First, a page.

Everyday was full of happy moments, but there were also embarrassing ones. “There was a time when I didn’t cork the lid of the salt shaker well. While attempting to add salt to the stew, the whole lot of it went into the stew,” she recalls.

Luckily she did not panic. Instead, she took that as an opportunity to demonstrate to the audience what to do if such a thing happened.

She simply scooped as much stew as she could from the sufuria, added raw potatoes and then removed them. “That way, the potatoes absorbed most of the salt and I was good to proceed,” she explains.

The show’s popularity was hinged on its simplicity: It was all about affordable dishes explained in a clear and simple way.

Despite her soaring popularity, the show was not without a few challenges.


Sometimes lack of coordination meant that she would prepare ingredients and then later find that the theatre had not been booked.

Recordings first took place at the KBC studios in Mombasa and later at the Kenya Power offices. They overcame this challenge with proper planning.

“I also managed to strike a balance between taking care of my children (now adults) and running two jobs,” she says.

She also learnt a lot from her years hosting the show. “First, to succeed in anything you must be patient, disciplined and time-conscious. You must also plan well. If you don’t have all these qualities, you won’t go very far,” says Taabu, who names her mother and grandmother as her greatest inspirations.

Her greatest achievement, however, has been as an author. “The inspiration for the cookbook came when people started asking me for recipes. I used to publish my recipes in the newspaper and people would ask, ‘Why not just do a book?’”

With the support of family and friends, she compiled some 500 recipes and finally published a book.


Although she retired from hosting the show in 1999, people still recognise her on the streets and ask her why she never went back to TV.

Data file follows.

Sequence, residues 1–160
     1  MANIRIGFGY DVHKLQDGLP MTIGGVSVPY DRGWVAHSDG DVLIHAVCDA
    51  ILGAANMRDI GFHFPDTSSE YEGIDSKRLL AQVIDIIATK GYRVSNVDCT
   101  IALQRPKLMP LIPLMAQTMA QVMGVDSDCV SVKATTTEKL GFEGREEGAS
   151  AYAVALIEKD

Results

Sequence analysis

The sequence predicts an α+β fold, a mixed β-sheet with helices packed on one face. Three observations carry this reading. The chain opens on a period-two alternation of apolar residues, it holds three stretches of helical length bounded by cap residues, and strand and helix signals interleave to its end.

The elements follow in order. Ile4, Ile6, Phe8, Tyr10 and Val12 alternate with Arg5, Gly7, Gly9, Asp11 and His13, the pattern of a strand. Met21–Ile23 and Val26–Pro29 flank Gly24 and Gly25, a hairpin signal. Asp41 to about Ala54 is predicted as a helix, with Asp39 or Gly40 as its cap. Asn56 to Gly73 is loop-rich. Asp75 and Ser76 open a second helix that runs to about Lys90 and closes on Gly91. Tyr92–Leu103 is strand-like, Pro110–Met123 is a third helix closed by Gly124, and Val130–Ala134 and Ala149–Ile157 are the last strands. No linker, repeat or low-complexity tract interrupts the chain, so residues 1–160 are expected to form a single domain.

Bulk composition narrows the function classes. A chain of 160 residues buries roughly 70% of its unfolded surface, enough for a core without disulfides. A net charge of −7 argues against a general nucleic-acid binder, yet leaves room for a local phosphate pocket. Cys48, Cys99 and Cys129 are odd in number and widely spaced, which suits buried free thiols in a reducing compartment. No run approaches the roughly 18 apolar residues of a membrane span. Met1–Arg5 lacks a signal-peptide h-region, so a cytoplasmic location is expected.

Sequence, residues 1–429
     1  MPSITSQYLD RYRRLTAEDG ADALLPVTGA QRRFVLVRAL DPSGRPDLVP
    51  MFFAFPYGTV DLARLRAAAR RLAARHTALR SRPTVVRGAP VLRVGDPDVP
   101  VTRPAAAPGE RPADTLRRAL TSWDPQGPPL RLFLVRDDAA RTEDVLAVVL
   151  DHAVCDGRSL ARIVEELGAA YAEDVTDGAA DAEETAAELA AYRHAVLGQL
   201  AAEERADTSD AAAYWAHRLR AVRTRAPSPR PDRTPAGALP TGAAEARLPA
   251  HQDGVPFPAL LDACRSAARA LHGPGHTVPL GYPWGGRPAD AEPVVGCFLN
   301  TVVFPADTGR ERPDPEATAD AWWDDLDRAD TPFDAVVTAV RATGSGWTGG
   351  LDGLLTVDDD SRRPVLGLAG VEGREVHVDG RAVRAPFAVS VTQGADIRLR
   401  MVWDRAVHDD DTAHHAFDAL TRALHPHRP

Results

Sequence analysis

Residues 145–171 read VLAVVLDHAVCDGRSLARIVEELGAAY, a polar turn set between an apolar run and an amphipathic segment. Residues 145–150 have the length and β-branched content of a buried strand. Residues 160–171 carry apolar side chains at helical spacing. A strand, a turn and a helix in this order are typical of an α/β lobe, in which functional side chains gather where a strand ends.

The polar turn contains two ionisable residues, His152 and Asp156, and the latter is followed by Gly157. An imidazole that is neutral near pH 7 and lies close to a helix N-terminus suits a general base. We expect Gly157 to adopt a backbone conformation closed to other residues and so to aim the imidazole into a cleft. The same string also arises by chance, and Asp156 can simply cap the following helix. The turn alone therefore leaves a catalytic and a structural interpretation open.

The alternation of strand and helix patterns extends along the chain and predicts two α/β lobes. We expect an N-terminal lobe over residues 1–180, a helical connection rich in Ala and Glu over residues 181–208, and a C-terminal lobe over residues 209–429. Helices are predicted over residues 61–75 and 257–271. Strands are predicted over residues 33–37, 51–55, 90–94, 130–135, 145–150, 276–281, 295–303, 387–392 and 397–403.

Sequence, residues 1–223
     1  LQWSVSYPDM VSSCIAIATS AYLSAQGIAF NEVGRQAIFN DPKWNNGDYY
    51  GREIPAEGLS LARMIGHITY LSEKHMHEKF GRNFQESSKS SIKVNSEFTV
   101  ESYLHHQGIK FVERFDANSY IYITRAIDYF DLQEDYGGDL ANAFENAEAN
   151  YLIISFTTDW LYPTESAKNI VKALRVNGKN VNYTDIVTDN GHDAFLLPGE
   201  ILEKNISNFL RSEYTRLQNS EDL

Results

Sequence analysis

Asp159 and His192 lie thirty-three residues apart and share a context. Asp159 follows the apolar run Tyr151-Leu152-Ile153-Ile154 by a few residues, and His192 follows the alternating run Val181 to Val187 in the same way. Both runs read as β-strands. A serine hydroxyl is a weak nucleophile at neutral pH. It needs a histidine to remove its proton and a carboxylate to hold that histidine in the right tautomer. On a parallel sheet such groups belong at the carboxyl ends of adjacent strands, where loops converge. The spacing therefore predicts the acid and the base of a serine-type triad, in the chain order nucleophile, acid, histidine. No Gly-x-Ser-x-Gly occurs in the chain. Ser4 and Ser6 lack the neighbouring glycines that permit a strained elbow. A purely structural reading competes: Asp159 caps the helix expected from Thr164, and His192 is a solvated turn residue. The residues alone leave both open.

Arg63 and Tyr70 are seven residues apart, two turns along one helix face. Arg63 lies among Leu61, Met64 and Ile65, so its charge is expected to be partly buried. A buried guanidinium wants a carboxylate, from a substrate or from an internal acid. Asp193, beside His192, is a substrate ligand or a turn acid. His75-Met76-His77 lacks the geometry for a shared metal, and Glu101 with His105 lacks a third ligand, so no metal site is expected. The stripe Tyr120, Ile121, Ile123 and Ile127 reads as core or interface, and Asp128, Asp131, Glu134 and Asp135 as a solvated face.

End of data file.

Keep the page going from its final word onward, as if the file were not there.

“People say I taught them a lot but their children don’t know how to cook. They still stop me on the streets to ask for recipes or cooking tips,” she says. She is always happy to share her knowledge as she considers it a gift.

Does she miss the show and being on TV? “Yes, sometimes I do. But right now I’m retired; I just want to rest,” she laughs.

Nevertheless, she stills offers cooking lessons at Mombasa’s Methodist Church of Kenya, where she worships. She is also a board member of Ribe Girls Secondary School in Kilifi.

Although the Kenyan TV industry has improved in terms of quality and diversity, she would love to see more local shows.

“We have a very rich pool of local talent, which if we could tap we would improve the economy and give these local, talented youths a way of life,” she observes.


On a countrywide level, she would love to see a safe, peaceful, corruption-free country.

“Every Kenyan should love one another regardless of tribe. Let us also teach our children how to cook so that they grow up to be responsible people.”

Now that she’s retired, she says her days are rather uneventful. “I wake up, read the Bible and maybe go shopping,” she says.

She spends her leisure time reading, but what she really loves to do is entertain. “I love to cook for my guests. My favourite meal is biryani.”

She has a simple piece of advice for aspiring chefs: “Know what you want to cook, organise yourself, and plan properly. In other words, plan your schedule in advance.”

She also encourages chefs to buy their ingredients early enough so as not to waste time and energy looking for things. “Then, of course, follow the recipe,” she concludes.

The book is available at Text Book Centre (Kijabe Street, Sarit Centre and Junction branches in Nairobi) and at the Kenya Yearbook Editorial Board offices in the NHIF building in Nairobi. Also on